You Can’t Get There From Here – Update for October 25, 2016

We’re still doing a weekly newsletter… we’re just posting pieces of it every day.  The news is fresher this way…


Remember Bil Keane’s comic strip Family Circus? Keane started the strip in 1960, and his son is keeping it going strong.

familyc161025One of Family Circus’s recurring themes was the depiction of the circuitous routes young Jeffy would take – traced in dashed line – when he had been sent on some time-sensitive errand. Yesterday, the 10th Circuit faced a similar situation in a methamphetamine case, and held that by the time perps had gotten from Point A to Point B, a court could no longer assume that what was at Point B had anything to do with the defendant who was at Point A.

Confused? Follow. Emanuel Godinez-Perez was indicted for conspiracy to traffic in 500 grams or more of meth, and a couple of distribution counts for 50 grams or more. He pled guilty without a plea agreement.

During the investigation, agents seized ten different quantities of meth, 96% pure, which amounted to 1,505 grams. His sentencing court set his base offense level at between 1.5 and 4.5 kilos, and – after all of the other factors were weighed – Manny’s sentencing range was 108-135 months. The court gave him 108.

Manny admitted that about 602 grams were under his control, but another 887 grams were seized in the search of a storage unit he had nothing to do with. He argued “the record does not support that [he] agreed to jointly undertake the distribution of more than 1.5 kilograms of [I]ce.” Manny complained that the district court was required to “make particularized findings about relevant conduct—here, the drug quantity and type — attributable to the defendant, rather than just default to the overall conspiracy.”

What happened was this: Agents set up a controlled buy with Manny, but he said he couldn’t meet the CI until after he got off work. Meanwhile, agents were watching an apartment on Central Avenue in Kansas City – near where Manny had made prior sales – when they three guys get into Chevy SUV and drive away. The SUV went to a gas station, where the guys got out and made some cellphone calls. A little while later, the SUV left the gas station and went a grocery store. The SUV parked there until a Jeep came by, and then followed the Jeep to another apartment complex. A little while later, the SUV and Jeep left the apartments, and drove to a self-storage unit in Olathe, Kansas. The people from both cars went into Unit 17D. A few minutes later, they all left.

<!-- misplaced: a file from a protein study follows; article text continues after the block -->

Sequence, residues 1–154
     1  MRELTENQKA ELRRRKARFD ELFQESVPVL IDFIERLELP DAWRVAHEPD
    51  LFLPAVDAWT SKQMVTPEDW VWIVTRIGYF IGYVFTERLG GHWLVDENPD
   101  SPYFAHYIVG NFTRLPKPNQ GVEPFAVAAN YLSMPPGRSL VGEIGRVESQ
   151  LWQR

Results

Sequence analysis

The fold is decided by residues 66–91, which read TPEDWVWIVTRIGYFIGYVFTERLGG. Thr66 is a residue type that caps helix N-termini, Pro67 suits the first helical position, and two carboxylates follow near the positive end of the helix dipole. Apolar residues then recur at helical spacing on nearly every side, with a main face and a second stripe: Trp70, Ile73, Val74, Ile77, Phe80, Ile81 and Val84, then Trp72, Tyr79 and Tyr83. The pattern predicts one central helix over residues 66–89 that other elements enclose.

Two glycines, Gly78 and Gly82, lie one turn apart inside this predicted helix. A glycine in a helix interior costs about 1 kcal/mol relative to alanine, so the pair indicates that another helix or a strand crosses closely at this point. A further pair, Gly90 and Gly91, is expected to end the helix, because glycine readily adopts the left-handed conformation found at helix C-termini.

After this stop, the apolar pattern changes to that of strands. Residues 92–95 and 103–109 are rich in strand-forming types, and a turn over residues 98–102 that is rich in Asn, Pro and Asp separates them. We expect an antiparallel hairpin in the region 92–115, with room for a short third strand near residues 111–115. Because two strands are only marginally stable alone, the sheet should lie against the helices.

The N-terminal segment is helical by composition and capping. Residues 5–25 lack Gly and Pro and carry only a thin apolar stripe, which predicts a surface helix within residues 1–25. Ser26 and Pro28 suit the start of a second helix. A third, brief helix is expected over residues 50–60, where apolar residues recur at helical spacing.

Later, the CI got a call from Manny that he was ready, and they exchanged 4 ounces of ice for $3,600. At that time, Manny quoted the CI prices for pound and kilo quantities.

This was not the drug-sniffing dog... but he would be the first to tell you not to leave controlled substances in your storage unit.
        This was not the drug-sniffing dog… but he would be the first to tell you not to leave your controlled substances in a storage unit.

The agents brought a drug-sniffing dog to the self-store, and after the mutt alerted to Unit 17D, found 887 grams of ice.

Yesterday, the 10th Circuit agreed. Guidelines Sec. 1B1.3, which addresses relevant conduct, is intended to make the punishment fit the crime. It says a defendant’s base offense level shall be determined on the basis of everything the defendant did, plus, “in the case of a jointly undertaken criminal activity… all acts and omissions of others that were… within the scope of the jointly undertaken criminal activity… in furtherance of that criminal activity, and… reasonably foreseeable in connection with that criminal activity.” This includes drugs the defendant didn’t handle, if possession by a co-conspirator was in furtherance of the jointly undertaken criminal activity, and reasonably foreseeable in connection with that criminal activity.

punish161025Manny might have been smart to avoid the plea agreement, because the only thing he admitted to in his guilty plea was distributing more than 50 grams and conspiring on more than 500. The problem is, the appellate court said, is that “the district court adopted the factual findings contained in the Presentence Report and otherwise made no independent factual findings of its own at the time of sentencing. Unfortunately, however, the factual findings contained in the PSR and adopted by the district court did not address the scope of the criminal activity that Godinez agreed to jointly undertake. Nor did the PSR’s factual findings otherwise include information specifically linking Godinez to all of the quantities of methamphetamine that were seized during the investigation. Consequently, we conclude… the district court erred…”

The government said it could put Manny at the storage unit, but the Circuit said that “the storage unit may not have been owned, rented, or otherwise controlled by Godinez or a coconspirator… In other words, the limited evidence contained in the record on appeal is not so one-sided that the district court would have had no choice but to attribute to Godinez, as part of the conspiracy to which he pled guilty, the 887.26 grams of methamphetamine that were stored in and seized from the storage unit.”

Manny isn’t home free. He goes back for resentencing, at which time the government is free to try to connect him to the 887 grams.

United States v. Godinez-Perez, Case No. 15-3159  (10th  Cir.  Oct. 24, 2016)


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